Philippines Orders Deportation Of Australian Activist Nun : The Two-Way Sister Patricia Fox has been given 30 days to get out of the country after she apparently joined protest rallies against controversial Philippine President Rodrigo Duterte.
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Philippines Orders Deportation Of Australian Activist Nun

Australian Roman Catholic nun Sis. Patricia Fox, describes her ordeal in the hands of Philippines immigration officials during a news conference on Saturday. Bullit Marquez/AP hide caption

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Bullit Marquez/AP

Australian Roman Catholic nun Sis. Patricia Fox, describes her ordeal in the hands of Philippines immigration officials during a news conference on Saturday.

Bullit Marquez/AP

Philippine President Rodrigo Duterte has ordered the expulsion of a 71-year-old Australian nun, giving her 30 days to leave the country after she reportedly joined protest rallies against his government.

Sister Patricia Fox, who has lived in the Philippines for nearly three decades, has had her missionary visa revoked after apparently speaking out against Duterte at demonstrations in southern Davao City.

She has been labeled an "undesirable" foreigner for what the country's Bureau of Immigration says is "her involvement in partisan political activities."

The bureau did not elaborate on the nature of her activities, but in a speech to soldiers last week, Duterte accused Fox of bad-mouthing his administration, Reuters reports.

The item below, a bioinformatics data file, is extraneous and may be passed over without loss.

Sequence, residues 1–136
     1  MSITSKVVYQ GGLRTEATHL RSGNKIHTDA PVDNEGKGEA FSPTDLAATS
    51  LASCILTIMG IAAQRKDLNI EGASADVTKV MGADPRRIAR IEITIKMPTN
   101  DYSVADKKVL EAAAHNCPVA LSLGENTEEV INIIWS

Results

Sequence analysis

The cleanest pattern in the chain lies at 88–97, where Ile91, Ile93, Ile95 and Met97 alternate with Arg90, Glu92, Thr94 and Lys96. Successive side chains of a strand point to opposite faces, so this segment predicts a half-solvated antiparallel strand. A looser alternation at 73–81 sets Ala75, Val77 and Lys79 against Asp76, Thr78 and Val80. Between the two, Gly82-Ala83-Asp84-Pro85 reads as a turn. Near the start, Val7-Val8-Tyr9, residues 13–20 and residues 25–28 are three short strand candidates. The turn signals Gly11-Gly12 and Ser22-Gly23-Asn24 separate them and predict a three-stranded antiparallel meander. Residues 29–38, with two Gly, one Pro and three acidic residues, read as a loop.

"You do not have that right to criticize us. Do not insult my country," Duterte said, according to the news agency, which said the president's spokesman "showed journalists photos of [Fox] speaking at farmer and laborer protest rallies in the president's hometown in southern Davao City early this month."

Fox, a mother superior belonging to congregation of Catholic nuns known as the Notre Dame de Sion, said in a statement that she was surprised by the order and that she hoped authorities would change their minds before the 30 days was up.

Fox said Monday that she was detained taken from her house and detained for 24 hours last week by the Philippine immigration officials.

She told Australia's ABC TV: "For me, it is part of my mission as a Catholic sister to stand beside those whose human rights have been violated, who are asking for help."

Since taking office in 2016, Duterte has pressed a deadly anti-drug campaign rife with extrajudicial killings that Human Rights Watch said in January had killed more than 12,000 people.

In August, Duterte encouraged police to shoot human rights activists "if they are obstructing justice," according to HRW, which says "Duterte has publicly condemned the official Commission on Human Rights, even threatening to abolish the constitutionally mandated body. He also repeatedly subjected the UN special rapporteur on extrajudicial killings, Agnes Callamard, to profanity-laced ridicule for her repeated efforts to secure an official visit to the Philippines."

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